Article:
1-33 of 33
Keyword: DNA replication
Close
Follow your search
Access your saved searches in your account

Would you like to receive an alert when new items match your search?
Close Modal
Sort by
Articles
Biochem Soc Trans (2019) 47 (4): 1067-1075.
Published: 08 August 2019
...Nitin Kapadia; Rodrigo Reyes-Lamothe Faithful DNA replication is required for transmission of the genetic material across generations. The basic mechanisms underlying this process are shared among all organisms: progressive unwinding of the long double-stranded DNA; synthesis of RNA primers; and...
Articles
Biochem Soc Trans (2019) 47 (1): 239-249.
Published: 15 January 2019
... complexity from a conserved catalytic core, no replicative DNA polymerase is universally conserved. Strikingly, four different families of DNA polymerases have evolved to perform DNA replication in the three domains of life. In Bacteria, the genome is replicated by DNA polymerases belonging to the A- and C...
Articles
Biochem Soc Trans (2019) 47 (1): 351-356.
Published: 15 January 2019
...Stephen D. Bell It has been known for decades that the principal replicative DNA polymerases that effect genome replication are incapable of starting DNA synthesis de novo . Rather, they require a 3′-OH group from which to extend a DNA chain. Cellular DNA replication systems exploit a dedicated...
Articles
Biochem Soc Trans (2018) 46 (6): 1643-1651.
Published: 04 December 2018
...Darshil R. Patel; Robert S. Weiss Eukaryotic cells continuously experience DNA damage that can perturb key molecular processes like DNA replication. DNA replication forks that encounter DNA lesions typically slow and may stall, which can lead to highly detrimental fork collapse if appropriate...
Articles
Biochem Soc Trans (2017) 45 (3): 759-769.
Published: 15 June 2017
... replication flow stretching fluorescence microscopy magnetic tweezers single molecule If we consider the molecular processes that are central to life — DNA replication, transcription, translation, and cell division — intricate, precise and highly evolved mechanisms come to mind. These processes...
Articles
Biochem Soc Trans (2014) 42 (1): 25-34.
Published: 23 January 2014
...Joseph T.P. Yeeles Reconstitution experiments using replication proteins from a number of different model organisms have firmly established that, in vitro , DNA replication is semi-discontinuous: continuous on the leading strand and discontinuous on the lagging strand. The mechanism by which DNA is...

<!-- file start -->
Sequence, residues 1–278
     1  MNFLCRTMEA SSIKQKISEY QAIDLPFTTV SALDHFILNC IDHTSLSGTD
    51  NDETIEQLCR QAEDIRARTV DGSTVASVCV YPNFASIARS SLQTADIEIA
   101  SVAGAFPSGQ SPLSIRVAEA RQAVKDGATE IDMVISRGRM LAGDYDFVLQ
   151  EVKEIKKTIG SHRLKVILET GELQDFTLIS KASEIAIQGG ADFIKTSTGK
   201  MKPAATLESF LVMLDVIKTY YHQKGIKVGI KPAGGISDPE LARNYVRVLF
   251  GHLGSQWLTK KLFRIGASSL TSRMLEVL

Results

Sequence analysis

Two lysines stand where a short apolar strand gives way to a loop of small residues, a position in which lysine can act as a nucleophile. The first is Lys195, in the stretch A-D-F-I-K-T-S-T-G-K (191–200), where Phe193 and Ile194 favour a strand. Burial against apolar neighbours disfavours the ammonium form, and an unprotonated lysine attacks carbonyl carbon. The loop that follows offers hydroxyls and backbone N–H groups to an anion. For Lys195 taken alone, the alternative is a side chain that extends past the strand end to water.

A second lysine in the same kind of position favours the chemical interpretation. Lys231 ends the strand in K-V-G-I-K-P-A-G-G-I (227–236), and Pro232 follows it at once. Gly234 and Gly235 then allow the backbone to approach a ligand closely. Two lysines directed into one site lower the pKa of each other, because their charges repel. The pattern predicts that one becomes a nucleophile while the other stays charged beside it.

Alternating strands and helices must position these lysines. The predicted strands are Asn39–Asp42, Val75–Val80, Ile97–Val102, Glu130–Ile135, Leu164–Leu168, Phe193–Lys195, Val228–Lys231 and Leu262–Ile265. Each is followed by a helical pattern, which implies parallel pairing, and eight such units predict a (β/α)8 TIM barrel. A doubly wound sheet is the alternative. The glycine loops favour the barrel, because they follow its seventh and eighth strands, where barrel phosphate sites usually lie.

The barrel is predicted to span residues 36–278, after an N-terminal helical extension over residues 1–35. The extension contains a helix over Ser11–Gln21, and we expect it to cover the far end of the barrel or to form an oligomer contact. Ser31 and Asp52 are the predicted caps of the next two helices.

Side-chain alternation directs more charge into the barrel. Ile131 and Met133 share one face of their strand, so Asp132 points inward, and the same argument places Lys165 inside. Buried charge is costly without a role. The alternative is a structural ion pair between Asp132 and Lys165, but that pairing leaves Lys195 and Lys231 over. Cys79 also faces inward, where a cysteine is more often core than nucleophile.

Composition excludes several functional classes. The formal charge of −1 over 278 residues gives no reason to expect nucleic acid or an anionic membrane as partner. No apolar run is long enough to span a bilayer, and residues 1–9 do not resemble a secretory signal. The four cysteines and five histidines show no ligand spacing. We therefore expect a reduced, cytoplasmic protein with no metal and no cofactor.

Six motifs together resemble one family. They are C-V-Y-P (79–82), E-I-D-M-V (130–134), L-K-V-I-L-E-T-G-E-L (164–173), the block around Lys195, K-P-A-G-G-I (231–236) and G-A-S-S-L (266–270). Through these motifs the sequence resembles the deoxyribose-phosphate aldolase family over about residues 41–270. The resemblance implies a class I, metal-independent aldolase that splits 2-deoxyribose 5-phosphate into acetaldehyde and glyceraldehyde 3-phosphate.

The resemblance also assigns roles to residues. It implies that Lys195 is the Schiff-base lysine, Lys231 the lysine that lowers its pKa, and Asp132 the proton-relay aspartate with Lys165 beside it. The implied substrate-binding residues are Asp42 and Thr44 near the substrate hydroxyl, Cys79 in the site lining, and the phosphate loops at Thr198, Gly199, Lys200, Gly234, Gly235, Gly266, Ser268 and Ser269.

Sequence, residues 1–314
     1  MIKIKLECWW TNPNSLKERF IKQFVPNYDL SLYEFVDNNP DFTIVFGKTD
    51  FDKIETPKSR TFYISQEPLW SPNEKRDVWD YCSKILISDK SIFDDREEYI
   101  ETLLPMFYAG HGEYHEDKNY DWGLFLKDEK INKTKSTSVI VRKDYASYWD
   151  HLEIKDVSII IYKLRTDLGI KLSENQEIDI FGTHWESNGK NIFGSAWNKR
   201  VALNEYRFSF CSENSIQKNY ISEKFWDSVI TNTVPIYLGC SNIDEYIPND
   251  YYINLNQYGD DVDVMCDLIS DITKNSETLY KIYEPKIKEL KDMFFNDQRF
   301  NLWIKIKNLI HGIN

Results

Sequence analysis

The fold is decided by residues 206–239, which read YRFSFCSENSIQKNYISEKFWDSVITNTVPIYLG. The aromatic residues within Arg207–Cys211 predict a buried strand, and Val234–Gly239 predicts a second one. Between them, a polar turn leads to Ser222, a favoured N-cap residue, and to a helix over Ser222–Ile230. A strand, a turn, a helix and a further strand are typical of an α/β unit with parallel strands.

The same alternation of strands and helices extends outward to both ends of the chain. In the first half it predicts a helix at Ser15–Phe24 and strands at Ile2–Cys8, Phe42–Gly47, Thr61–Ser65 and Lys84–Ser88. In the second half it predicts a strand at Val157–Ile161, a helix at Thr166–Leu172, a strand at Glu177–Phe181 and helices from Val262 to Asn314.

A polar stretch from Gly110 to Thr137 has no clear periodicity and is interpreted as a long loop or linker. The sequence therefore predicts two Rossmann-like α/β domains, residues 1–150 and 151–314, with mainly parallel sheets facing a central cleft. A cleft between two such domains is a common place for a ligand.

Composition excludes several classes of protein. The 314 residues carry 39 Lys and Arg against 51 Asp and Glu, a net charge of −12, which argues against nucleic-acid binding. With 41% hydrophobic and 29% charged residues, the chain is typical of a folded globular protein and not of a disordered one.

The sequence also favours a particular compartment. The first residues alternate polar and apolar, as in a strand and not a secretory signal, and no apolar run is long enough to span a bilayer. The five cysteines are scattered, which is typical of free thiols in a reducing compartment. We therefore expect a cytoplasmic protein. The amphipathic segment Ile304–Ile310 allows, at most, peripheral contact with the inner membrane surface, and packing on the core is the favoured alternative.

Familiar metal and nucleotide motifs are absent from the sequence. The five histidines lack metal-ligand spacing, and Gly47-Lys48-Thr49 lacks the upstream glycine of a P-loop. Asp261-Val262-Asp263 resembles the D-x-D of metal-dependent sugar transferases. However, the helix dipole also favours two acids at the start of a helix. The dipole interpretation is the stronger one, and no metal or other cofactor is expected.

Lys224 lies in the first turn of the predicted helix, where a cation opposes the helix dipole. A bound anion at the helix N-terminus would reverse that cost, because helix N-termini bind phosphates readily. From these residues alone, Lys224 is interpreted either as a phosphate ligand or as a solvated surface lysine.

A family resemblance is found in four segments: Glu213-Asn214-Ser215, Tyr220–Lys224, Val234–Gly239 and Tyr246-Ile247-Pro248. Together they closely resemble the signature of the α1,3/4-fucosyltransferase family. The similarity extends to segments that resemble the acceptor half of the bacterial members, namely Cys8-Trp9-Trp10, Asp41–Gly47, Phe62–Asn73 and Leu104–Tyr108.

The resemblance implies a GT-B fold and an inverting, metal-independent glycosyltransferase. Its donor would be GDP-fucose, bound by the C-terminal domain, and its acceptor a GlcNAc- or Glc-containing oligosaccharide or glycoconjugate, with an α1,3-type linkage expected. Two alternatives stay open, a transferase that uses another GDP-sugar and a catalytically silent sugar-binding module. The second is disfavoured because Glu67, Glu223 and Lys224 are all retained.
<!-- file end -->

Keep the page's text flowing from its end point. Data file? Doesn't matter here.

Articles
Biochem Soc Trans (2013) 41 (6): 1712-1719.
Published: 20 November 2013
... cell division cycle 7 (Cdc7) DNA repair DNA replication meiotic cell division meiotic recombination replication checkpoint Cdc7 (cell division cycle 7) was originally identified in the budding yeast Saccharomyces cerevisiae as one of cdc mutants of the Hartwell collection [ 1 ]. Its...
Articles
Biochem Soc Trans (2013) 41 (6): 1720-1725.
Published: 20 November 2013
... Society 2013 cell cycle development DNA replication origin of replication replication stress S-phase Genome duplication is an essential biological process that is tightly regulated and intricately co-ordinated with other cellular functions, including transcription, proliferation and...
Articles
Biochem Soc Trans (2013) 41 (6): 1701-1705.
Published: 20 November 2013
... compilation © 2013 Biochemical Society 2013 DNA replication intra-S checkpoint replication fork S-phase DNA damage checkpoint “The dream of every cell is to become two cells” is the basic tenet of the cell cycle, as stated by François Jacob in 1965. In order to achieve this dream, cells guard...
Articles
Biochem Soc Trans (2013) 41 (2): 646-651.
Published: 21 March 2013
...Jorge B. Schvartzman; María-Luisa Martínez-Robles; Pablo Hernández; Dora B. Krimer DNA topology changes dynamically during DNA replication. Supercoiling, precatenation, catenation and knotting interplay throughout the process that is finely regulated by DNA topoisomerases. In the present article...
Articles
Biochem Soc Trans (2013) 41 (1): 332-338.
Published: 29 January 2013
...Zhuo Li; Lori M. Kelman; Zvi Kelman DNA replication plays an essential role in all life forms. Research on archaeal DNA replication began approximately 20 years ago. Progress was hindered, however, by the lack of genetic tools to supplement the biochemical and structural studies. This has changed...
Articles
Biochem Soc Trans (2012) 40 (4): 880-885.
Published: 20 July 2012
...Alexander M.J. Rattray; Berndt Müller Histone proteins are essential for the packaging of DNA into chromosomes. Histone gene expression is cell-cycle-regulated and coupled to DNA replication. Control of histone gene expression occurs at the transcriptional and post-transcriptional level and ensures...
Articles
Biochem Soc Trans (2011) 39 (2): 600-605.
Published: 22 March 2011
...-1 (checkpoint clamp of Rad9, Rad1 and Hus1 in humans and Ddc1, Rad17 and Mec3 in S. cerevisiae ; Ddc1-Mec3-Rad17) and the DNA replication initiation factor Dpb11 (human TopBP1) are the two known activators of Mec1. The 9-1-1 clamp functions in checkpoint activation in G 1 - and G 2 -phase, but its...
Articles
Biochem Soc Trans (2011) 39 (1): 70-76.
Published: 19 January 2011
...Thomas R. Beattie; Stephen D. Bell Efficient processing of Okazaki fragments generated during discontinuous lagging-strand DNA replication is critical for the maintenance of genome integrity. In eukaryotes, a number of enzymes co-ordinate to ensure the removal of initiating primers from the 5′-end...
Articles
Biochem Soc Trans (2011) 39 (1): 111-115.
Published: 19 January 2011
... systems in archaea are generally more similar to those in eukaryotes than those in bacteria, the order Methanococcales has a unique complement of DNA replication proteins, with multiple MCM (minichromosome maintenance) proteins and no obvious originbinding protein. A search for homologues of recombination...
Articles
Biochem Soc Trans (2011) 39 (1): 163-168.
Published: 19 January 2011
...Stuart A. MacNeill Most of the core components of the archaeal chromosomal DNA replication apparatus share significant protein sequence similarity with eukaryotic replication factors, making the Archaea an excellent model system for understanding the biology of chromosome replication in eukaryotes...
Articles